If a university has sent me to collections for $6000 for classes I didn’t take, what can I do?

I went to a university and they are charging me for 3 classes I didn’t take. I’ve been trying to resolve this for 2 years and I always get the runaround and then they stopped calling me back or answering emails. I have started with about 5 different people and even tried to get it sent up to the managers many times but I’ve never actually spoken to one. What kind of lawyer can help me with this?

Asked on December 14, 2011 under Bankruptcy Law, Alaska


SJZ, Member, New York Bar / FreeAdvice Contributing Attorney

Answered 8 years ago | Contributor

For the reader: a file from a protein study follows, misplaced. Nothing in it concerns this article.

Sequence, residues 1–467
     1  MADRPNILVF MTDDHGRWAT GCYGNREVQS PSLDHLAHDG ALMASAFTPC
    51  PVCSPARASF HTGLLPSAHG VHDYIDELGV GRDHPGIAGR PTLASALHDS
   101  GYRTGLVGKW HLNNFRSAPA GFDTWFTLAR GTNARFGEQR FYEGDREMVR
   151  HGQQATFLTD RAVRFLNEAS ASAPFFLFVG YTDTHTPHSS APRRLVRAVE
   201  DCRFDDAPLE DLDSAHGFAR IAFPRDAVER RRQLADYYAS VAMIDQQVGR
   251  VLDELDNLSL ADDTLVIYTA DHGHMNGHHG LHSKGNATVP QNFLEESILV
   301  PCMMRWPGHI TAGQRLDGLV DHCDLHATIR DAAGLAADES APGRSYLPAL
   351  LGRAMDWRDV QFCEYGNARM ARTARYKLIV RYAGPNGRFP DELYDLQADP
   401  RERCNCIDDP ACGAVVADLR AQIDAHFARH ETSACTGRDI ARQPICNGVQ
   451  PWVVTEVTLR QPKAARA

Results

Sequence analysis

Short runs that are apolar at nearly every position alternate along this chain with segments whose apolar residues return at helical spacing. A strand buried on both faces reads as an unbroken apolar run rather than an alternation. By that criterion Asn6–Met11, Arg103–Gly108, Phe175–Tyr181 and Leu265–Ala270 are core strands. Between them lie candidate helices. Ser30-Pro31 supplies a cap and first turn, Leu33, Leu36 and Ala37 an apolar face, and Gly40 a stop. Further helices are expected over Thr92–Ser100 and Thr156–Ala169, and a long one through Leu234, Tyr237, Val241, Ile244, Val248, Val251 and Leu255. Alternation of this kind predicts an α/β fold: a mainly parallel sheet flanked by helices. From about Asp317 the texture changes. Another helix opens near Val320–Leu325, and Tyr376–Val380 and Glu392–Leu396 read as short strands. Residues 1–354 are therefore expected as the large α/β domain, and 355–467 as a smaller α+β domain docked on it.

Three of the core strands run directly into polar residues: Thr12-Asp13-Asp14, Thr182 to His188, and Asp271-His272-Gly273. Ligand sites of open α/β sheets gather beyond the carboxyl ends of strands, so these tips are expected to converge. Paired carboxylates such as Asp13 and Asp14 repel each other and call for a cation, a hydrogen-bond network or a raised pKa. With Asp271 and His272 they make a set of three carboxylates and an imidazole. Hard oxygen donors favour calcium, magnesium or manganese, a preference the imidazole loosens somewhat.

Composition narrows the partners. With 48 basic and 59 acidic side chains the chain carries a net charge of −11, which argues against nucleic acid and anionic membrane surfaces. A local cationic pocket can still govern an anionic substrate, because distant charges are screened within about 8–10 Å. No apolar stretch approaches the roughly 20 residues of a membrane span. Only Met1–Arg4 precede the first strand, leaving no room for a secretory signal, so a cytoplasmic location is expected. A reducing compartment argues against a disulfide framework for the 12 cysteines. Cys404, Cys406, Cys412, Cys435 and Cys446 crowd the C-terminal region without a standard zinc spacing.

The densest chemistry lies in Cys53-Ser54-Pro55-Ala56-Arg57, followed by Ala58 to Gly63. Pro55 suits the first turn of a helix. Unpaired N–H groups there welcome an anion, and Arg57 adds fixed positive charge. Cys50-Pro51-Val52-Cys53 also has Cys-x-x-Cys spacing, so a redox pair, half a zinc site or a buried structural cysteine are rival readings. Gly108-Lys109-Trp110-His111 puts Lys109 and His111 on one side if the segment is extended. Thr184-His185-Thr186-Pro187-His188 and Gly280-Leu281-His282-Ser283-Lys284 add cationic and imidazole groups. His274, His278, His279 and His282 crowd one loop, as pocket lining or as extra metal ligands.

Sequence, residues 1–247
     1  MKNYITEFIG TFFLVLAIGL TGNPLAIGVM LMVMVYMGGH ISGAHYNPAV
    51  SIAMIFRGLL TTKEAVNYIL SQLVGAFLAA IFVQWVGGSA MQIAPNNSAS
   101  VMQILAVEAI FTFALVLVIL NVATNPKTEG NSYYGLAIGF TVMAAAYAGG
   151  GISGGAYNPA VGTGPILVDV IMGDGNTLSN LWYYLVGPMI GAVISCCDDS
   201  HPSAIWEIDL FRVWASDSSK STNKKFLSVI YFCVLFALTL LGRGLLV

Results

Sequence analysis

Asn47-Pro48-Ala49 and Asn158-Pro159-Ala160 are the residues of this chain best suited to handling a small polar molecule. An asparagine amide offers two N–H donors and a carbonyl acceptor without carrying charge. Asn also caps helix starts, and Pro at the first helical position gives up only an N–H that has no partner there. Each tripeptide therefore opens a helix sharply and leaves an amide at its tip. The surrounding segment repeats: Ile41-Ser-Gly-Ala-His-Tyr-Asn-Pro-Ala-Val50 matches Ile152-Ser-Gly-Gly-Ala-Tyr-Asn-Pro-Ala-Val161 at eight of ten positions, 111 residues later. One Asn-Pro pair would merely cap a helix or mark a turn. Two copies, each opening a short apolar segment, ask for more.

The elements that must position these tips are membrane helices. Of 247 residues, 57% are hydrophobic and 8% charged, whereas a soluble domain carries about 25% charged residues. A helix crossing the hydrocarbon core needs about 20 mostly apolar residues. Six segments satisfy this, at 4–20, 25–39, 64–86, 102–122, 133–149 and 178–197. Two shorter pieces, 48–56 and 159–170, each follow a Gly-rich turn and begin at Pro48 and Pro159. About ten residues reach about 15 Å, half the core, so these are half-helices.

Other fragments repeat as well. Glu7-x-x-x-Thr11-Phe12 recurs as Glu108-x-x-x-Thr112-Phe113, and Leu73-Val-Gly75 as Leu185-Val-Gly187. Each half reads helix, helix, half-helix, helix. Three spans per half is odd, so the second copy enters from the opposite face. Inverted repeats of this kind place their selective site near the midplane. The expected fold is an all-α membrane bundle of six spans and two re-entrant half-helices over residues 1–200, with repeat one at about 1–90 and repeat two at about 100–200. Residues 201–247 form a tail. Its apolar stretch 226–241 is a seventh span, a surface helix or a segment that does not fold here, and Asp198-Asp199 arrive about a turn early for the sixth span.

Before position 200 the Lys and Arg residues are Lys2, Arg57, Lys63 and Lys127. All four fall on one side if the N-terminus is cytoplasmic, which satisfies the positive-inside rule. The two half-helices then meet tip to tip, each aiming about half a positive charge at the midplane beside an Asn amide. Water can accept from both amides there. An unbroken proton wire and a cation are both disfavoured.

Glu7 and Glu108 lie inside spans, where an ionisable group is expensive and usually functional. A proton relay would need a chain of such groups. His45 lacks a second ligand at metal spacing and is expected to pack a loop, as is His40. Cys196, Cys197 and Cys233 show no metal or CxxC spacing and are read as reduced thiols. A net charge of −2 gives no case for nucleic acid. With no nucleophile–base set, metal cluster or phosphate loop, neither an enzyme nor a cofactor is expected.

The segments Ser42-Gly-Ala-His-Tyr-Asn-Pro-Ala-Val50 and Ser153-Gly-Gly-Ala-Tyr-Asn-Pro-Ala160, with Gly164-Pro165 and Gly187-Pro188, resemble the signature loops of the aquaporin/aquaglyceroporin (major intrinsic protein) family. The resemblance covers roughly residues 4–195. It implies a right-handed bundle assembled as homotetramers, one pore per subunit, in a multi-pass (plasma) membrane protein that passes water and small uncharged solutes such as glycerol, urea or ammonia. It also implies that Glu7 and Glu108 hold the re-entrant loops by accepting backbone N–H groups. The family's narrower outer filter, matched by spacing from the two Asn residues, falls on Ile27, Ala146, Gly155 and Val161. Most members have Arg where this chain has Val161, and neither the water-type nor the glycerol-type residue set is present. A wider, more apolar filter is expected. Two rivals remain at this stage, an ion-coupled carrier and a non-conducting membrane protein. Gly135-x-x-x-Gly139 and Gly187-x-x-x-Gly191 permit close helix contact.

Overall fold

Any lawyer with a general practice or  who handles consummer debt cases can help you.

To get the money, if you don't pay it voluntarily, the university or its collections agency will have to sue you. If they do, to win, they will have to present evidence showing you took the classes. You, in turn, can present evidence showing that you did not--e.g. transcripts that don't list it; class schedules that show you were in a different class at the time; testimony or yourself or other witnesses. They will have to prove their case by the standard of "preponderance of the evidence"--i.e. that it is more likely than not that you took the classes. You may be able to counterclaim for some costs or compensation, if this is a baseless action; you should discuss that with your attorney.

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